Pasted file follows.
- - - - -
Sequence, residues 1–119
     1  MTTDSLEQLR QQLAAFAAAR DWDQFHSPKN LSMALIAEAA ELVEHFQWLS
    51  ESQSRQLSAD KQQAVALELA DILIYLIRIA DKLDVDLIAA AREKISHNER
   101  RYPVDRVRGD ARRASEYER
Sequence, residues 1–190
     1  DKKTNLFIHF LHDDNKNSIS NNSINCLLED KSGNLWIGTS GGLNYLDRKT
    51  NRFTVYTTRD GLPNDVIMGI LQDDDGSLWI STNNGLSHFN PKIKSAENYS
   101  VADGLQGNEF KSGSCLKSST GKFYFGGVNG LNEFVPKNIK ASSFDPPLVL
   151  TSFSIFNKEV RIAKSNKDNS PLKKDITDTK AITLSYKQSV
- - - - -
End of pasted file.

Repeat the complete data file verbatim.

Sequence, residues 1–119
     1  MTTDSLEQLR QQLAAFAAAR DWDQFHSPKN LSMALIAEAA ELVEHFQWLS
    51  ESQSRQLSAD KQQAVALELA DILIYLIRIA DKLDVDLIAA AREKISHNER
   101  RYPVDRVRGD ARRASEYER
Sequence, residues 1–190
     1  DKKTNLFIHF LHDDNKNSIS NNSINCLLED KSGNLWIGTS GGLNYLDRKT
    51  NRFTVYTTRD GLPNDVIMGI LQDDDGSLWI STNNGLSHFN PKIKSAENYS
   101  VADGLQGNEF KSGSCLKSST GKFYFGGVNG LNEFVPKNIK ASSFDPPLVL
   151  TSFSIFNKEV RIAKSNKDNS PLKKDITDTK AITLSYKQSV